Specifically, the World Health Organization (WHO) on April 5 confirmed the possibility of transmitting the SARS-CoV-2 virus from humans to some domestic animals and wildlife such as dogs, cats, weasels, dogs and bears. bamboo, lions and tigers, and said they are studying the effects of the virus on other animals.
WHO representative in Russia Melita Vujnovic stated: “The SARS-CoV-2 virus spreads mainly from person to person but there is evidence of human-to-animal transmission. Some animals, such as dogs, domestic cats, weasels, lions, tigers and pandas, that have been exposed to infected individuals have tested positive for SARS-CoV-2. “We are currently working on how the virus affects other animals.”
People who are infected with Covid-19 should limit their contact with pets
However, according to Ms. Vujnovic, currently not identified “intermediate host”. In addition, this health expert thinks it’s important to know which animals are most susceptible to the virus in order to find potential animal outbreaks and avoid future outbreaks.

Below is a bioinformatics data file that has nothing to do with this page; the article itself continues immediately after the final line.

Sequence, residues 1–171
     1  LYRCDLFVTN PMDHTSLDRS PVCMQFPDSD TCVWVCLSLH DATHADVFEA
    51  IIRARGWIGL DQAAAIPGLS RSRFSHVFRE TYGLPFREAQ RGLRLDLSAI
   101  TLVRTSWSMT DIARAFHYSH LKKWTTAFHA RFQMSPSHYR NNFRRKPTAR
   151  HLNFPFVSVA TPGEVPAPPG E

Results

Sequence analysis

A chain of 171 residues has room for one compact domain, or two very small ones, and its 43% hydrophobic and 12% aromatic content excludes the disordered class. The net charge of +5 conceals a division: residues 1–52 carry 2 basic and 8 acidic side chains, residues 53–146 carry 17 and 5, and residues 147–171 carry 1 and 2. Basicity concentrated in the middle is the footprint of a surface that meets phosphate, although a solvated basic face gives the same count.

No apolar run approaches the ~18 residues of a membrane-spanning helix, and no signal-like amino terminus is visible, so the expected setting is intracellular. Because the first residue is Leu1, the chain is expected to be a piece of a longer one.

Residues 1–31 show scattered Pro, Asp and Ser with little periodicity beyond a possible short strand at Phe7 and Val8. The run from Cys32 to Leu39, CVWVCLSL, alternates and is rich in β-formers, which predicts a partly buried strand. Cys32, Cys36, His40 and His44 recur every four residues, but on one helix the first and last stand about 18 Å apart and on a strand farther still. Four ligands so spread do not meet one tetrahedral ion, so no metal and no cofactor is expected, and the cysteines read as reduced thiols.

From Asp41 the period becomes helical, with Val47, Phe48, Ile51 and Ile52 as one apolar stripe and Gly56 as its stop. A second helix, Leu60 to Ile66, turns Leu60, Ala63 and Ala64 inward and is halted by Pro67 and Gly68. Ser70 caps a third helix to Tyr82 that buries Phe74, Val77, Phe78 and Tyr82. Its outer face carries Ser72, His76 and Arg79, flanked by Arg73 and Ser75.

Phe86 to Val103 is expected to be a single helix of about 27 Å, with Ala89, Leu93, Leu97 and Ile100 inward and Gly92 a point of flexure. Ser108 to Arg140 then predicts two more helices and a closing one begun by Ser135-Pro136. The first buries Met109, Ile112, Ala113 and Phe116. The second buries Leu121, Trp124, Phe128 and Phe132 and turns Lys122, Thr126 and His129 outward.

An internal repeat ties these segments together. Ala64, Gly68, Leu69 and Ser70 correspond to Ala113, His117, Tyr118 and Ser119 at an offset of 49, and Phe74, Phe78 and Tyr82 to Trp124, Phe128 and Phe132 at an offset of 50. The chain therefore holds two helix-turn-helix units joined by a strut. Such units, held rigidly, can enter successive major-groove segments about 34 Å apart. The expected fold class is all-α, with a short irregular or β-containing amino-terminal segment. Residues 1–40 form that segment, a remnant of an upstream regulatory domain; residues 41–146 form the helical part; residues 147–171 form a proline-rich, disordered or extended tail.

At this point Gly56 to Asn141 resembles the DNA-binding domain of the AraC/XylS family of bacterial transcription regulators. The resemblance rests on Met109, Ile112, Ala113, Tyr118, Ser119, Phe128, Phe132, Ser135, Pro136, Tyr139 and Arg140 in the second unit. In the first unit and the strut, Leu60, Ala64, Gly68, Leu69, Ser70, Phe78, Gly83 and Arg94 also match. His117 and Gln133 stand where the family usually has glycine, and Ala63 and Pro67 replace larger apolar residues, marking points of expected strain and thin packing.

Furthermore, according to Vujnovic, WHO recommends that people who are positive for the SARS-CoV-2 virus should limit contact with pets. As viruses move around in humans and animals, the virus’s genes can change and complicate prevention of this dangerous epidemic.
In a related development, a study conducted by the UK National Bureau of Statistics (ONS) involving 21,622 people with COVID-19 from April 2020 to March 2021 found, 13.7 % of participants had COVID-19 symptoms for at least 12 weeks.
The scientists found that the risk of persistent COVID-19 symptoms in women was higher than in men, at 14.7% and 12.7%, respectively. People aged 35-49 years had the highest risk of having symptoms at 5 weeks, with 25.6%.
The ONS reported that in a larger survey, 1.1 million people reported symptoms of COVID-19 for more than 4 weeks. According to Mr. Ben Humberstone, an ONS official, persistent COVID-19 symptoms are a new emerging phenomenon that has not been well studied.
Bao An (th)